partner faithful and around”.

These types of mentalities will

erode your relationship, create

disconnection and possibly, due

to the state of the relationship,

make an affair more likely to

happen again. Sex must be an

action that two people are

FREE and WILLING participants in and sexual obligations and perceived -or real- threats of termination of the relationship due to lack of sex are abusive. You two, if one or both of you are not ready for sex at this time, will need to have explicit conversations about the work and intention you are

putting into sexual reconnection, however. Sexual withholding for punishment will also not pave the way for authentic connection. We need to know that reconnecting sexually is a shared goal and that active steps are being made to obtain it. Understanding our own readiness and willingness can be tricky. With all the overwhelming emotions to manage after an affair, it may be hard to distinguish our readiness/willingness to sexually reconnect from fear or hesitation. I encourage you, if you are lost in this area, to talk to a therapist to untangle some of these thoughts.


3. Talk about what turns you on and be open to confronting assumptions


You both may have had a full sex life before the affair and felt pretty confident that you knew what the other liked or you may have wanted to see some change in this area. Now, you and your partner have the opportunity to get to know each

other sexually again and learn more

about about each other’s sexual interests and what you do to turn yourself on. By sharing with each other what you do to turn yourself on, you have the opportunity to challenge some

assumptions both of you may have

made. This part is hard, hurt feelings can come up when we have to confront some expectations and assumptions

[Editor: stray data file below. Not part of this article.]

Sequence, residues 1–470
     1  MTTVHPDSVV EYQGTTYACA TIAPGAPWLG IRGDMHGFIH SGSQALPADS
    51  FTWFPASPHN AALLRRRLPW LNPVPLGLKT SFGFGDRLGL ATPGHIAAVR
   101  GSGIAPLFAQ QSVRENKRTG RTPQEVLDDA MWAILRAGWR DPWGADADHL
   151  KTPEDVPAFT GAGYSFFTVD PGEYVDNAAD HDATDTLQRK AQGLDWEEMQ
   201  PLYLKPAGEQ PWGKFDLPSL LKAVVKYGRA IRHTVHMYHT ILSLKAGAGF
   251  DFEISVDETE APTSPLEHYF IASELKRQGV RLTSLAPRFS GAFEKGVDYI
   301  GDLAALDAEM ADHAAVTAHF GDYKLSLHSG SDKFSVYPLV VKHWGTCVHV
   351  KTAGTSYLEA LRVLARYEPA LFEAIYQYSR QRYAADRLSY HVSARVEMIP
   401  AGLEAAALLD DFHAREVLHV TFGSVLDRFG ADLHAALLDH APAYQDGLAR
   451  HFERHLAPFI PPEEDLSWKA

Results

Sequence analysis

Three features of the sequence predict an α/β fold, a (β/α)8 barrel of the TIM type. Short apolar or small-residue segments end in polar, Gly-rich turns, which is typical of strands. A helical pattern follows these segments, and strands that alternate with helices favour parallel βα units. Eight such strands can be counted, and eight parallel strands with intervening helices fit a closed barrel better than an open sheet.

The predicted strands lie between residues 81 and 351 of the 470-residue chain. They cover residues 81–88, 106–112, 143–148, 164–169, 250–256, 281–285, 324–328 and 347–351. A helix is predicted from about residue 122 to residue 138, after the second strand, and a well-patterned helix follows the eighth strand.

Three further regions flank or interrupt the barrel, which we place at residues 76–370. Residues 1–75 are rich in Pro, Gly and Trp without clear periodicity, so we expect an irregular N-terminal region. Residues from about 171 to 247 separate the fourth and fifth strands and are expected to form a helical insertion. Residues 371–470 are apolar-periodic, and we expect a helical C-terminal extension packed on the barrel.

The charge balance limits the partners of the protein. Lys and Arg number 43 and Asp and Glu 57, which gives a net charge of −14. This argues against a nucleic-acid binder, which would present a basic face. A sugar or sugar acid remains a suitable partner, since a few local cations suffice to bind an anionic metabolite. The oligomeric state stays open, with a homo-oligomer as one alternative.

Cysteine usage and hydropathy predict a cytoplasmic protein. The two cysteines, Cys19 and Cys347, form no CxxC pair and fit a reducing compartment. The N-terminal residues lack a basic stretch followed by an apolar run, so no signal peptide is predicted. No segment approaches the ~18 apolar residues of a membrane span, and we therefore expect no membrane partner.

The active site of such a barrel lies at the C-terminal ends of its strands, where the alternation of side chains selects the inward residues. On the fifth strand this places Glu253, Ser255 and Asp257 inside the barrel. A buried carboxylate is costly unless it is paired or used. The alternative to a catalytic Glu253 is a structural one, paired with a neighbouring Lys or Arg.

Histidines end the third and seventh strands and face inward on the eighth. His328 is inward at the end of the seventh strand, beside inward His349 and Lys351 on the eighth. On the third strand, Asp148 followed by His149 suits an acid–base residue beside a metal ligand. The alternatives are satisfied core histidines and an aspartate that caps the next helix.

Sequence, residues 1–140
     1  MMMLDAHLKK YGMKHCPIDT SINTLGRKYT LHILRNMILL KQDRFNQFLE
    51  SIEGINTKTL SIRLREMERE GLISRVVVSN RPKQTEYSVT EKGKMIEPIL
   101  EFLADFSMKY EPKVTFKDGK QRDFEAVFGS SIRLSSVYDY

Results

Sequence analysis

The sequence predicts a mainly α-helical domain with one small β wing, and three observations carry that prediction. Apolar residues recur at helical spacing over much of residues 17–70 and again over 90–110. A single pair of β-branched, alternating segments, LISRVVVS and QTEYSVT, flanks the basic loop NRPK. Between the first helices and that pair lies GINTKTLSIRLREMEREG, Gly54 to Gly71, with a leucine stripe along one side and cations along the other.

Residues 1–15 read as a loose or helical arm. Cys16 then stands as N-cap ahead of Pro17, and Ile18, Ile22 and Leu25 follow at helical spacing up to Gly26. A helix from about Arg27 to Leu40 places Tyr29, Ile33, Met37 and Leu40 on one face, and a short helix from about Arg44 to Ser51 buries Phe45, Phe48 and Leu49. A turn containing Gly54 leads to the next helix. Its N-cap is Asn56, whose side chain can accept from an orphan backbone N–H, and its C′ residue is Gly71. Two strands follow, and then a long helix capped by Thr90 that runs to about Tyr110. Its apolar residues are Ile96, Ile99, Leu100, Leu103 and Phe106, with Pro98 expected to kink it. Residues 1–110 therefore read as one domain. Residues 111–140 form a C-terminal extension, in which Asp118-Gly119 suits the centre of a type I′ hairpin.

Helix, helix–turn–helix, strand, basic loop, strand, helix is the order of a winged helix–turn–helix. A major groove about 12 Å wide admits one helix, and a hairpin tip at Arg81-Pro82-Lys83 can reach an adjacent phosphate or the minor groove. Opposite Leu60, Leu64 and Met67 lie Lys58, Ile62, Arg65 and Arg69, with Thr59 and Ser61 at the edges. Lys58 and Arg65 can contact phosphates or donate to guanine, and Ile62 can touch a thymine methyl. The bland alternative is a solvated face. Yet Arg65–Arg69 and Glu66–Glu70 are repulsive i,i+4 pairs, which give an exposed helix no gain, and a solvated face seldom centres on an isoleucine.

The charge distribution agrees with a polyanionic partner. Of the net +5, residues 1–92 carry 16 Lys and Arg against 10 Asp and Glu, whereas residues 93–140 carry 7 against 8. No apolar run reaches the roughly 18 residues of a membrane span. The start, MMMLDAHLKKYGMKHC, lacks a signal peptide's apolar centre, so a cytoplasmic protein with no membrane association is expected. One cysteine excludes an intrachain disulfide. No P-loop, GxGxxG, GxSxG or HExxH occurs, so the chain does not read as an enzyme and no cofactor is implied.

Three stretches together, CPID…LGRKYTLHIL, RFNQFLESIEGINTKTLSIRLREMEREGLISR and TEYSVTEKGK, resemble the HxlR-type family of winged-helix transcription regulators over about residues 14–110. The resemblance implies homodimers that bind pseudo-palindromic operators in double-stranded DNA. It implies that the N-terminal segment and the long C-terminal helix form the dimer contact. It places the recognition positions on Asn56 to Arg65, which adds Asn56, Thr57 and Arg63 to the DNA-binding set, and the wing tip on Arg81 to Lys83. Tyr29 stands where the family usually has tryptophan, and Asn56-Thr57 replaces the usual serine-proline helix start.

we may have had about our partner. And to go back to number one on this list, it may be especially hard not to ruminate on the sexual experience with the affair partner when you, the hurt partner, hear the unfaithful partner disclose new sexual interests or when you, the unfaithful partner, may want to reveal these new sexual interests that you learned from your time with the affair partner. Rather than focusing on where these things were learned, whoever is disclosing, it’s important to focus on the vulnerability it takes to reveal them and that the reveal itself is an attempt to sexually connect with each other, not the affair partner.


4. Remember to be gentle with yourself


This is such a hard process - trust recovery after an affair, and all that it entails. When the two of you decide that it’s time for sexual reconnection, it can sometimes have the propensity to shake things up and reopen some wounds. It’s difficult work! Try to find the time to be compassionate and gentle with yourself throughout this process. It takes an incredible amount of courage and vulnerability to go through this process - you are so strong and brave!


Gently,

Jill